Stress is a common struggle amongst college students. Beads of sweat can start to form when the homework assignments start piling up, along with due dates flooding your calendar. It’s crucial to take care of your body during times of pressure and anxiety to be your best self.
A form of relaxation that can benefit students mentally and physically is the 5,000-year-old practice formed in India called yoga. According to yogaalliance.org, “Yoga is a system, not of beliefs, but of techniques and guidance for enriched living.”
Allison Yanci, who has been teaching restorative yoga and power yoga for over 2 years at the Student Recreation and Wellness Center at Kent State, emphasizes the advantages this form of exercise can have for students.
“Yoga is a system, not of beliefs, but of techniques and guidance for enriched living.”
“I try and tell people to come to your mat, let go of your thoughts, let go of your to-do list and to give this time to yourself, and just be as present as you can. I think it can be super beneficial but physically, mentally, spiritually, it’s also really relaxing,” she said.
There are three types of yoga classes offered to students at the Rec: restorative, power and yin yang. Even though they each teach yoga, there are minor differences in either the pace or type of poses executed in each class.
“Restorative yoga is a relaxing kind of yoga where you use a lot of props, and you stay in the poses for a few minutes at a time,” she says. “Power yoga is kind of the opposite of that. We’re moving quite a bit more, we’re moving quick, we’re doing challenging poses, we’re doing balance, we’re doing sometimes inversions of our balance. So people who are looking for a more physical benefit come to power classes.”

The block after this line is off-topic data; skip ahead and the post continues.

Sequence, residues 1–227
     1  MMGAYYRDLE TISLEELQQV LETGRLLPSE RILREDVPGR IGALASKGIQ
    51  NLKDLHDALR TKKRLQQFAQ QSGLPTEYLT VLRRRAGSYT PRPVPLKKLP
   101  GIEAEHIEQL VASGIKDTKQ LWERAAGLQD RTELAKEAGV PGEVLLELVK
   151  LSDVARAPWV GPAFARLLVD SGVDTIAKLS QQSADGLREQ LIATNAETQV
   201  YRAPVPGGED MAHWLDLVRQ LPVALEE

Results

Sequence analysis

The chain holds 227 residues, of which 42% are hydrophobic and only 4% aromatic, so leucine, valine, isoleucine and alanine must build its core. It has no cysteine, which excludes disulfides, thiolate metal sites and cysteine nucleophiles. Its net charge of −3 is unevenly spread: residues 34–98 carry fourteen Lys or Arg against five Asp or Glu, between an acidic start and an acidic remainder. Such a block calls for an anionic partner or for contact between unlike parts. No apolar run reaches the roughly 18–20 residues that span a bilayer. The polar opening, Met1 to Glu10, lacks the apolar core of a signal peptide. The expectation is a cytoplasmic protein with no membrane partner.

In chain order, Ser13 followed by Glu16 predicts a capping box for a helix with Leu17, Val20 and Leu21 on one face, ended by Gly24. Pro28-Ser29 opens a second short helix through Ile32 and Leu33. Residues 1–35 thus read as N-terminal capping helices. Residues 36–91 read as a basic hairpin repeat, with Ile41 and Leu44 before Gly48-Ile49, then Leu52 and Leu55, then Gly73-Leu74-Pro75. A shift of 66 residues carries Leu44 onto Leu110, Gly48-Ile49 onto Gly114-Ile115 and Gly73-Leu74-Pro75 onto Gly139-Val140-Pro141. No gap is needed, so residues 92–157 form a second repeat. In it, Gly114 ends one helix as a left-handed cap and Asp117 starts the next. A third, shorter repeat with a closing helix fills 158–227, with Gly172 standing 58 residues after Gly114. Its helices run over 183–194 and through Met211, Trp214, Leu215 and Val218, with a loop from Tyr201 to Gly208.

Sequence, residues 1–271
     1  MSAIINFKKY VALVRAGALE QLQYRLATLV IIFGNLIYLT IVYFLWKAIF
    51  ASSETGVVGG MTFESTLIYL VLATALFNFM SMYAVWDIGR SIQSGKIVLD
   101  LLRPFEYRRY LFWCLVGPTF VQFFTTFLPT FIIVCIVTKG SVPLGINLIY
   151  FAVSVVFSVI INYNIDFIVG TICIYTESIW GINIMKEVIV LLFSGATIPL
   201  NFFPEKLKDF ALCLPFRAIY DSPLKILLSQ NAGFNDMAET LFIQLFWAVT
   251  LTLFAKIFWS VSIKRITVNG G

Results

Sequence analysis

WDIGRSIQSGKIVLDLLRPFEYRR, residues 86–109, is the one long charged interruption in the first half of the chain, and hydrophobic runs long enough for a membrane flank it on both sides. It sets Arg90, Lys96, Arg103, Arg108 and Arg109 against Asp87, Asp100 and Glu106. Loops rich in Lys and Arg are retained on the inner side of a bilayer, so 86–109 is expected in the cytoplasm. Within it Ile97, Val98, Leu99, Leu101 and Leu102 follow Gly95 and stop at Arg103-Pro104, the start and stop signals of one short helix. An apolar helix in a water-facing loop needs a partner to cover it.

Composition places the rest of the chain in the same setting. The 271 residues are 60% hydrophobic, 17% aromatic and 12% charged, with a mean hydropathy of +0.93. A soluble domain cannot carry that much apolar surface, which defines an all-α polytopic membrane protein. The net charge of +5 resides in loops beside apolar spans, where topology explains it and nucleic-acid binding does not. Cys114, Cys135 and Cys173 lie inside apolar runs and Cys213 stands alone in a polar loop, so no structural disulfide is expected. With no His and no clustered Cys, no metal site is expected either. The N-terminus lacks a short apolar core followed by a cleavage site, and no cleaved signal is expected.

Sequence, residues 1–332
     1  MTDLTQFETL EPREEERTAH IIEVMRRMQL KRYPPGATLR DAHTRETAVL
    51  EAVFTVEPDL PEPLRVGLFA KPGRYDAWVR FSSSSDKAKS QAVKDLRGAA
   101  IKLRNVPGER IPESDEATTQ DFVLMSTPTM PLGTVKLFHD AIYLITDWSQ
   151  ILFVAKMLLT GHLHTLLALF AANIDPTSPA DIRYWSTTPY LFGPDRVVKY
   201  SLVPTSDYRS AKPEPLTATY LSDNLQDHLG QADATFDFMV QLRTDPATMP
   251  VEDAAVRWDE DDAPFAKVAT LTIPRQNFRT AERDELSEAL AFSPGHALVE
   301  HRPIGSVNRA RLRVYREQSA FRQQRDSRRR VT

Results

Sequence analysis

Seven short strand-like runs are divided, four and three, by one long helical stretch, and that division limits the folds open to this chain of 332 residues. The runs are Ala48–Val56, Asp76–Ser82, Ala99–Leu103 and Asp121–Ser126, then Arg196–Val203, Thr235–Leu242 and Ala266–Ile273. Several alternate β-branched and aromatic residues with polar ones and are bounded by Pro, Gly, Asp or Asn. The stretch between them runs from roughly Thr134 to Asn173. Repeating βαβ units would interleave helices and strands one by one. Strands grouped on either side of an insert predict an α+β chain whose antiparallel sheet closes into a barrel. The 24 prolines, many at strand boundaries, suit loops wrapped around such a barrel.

Yin yang is an intensity between the two, she says.
Yoga is something that doesn’t have to be done inside of a class setting. Doing poses at home can also be equally beneficial. Yanci has a few recommendations for yoga poses students can try at home.
“If it’s a student going for more of a relaxation, try to cope with stress, anxiety, I would say legs up the wall is one of my favorites,” she says. “I also like child’s pose because you are in a position where the body feels safe.”
Yanci also suggests doing yoga two or three times a week.
Overall, one of the most important aspects of yoga is breathing, which when done properly can be extremely beneficial to a student.
“I try and tell people to come to your mat, let go of your thoughts, let go of your to-do list and to give this time to yourself, and just be as present as you can.”
“A lot of people think yoga is just poses, and that’s really just one-eighth of what yoga is. There’s eight limbs of yoga, and one of the limbs is breath, just breathing properly,” Yanci says. “Whether you’re doing it in classroom setting, I think there’s so many benefits physically and mentally, not necessarily one more than the other.”
Yanci challenges those who are interested yet apprehensive about participating in yoga to try and experiment with the different classes.
“For people who have never done it: Don’t be scared. Yoga is a lot about being non-judgmental,” she says. “The best thing I can tell someone is listen to your body. One kind of yoga is not going to be for everyone. People who are new, try different styles of yoga, and try different teachers and see what you like. There’s way more to it than just exercise.”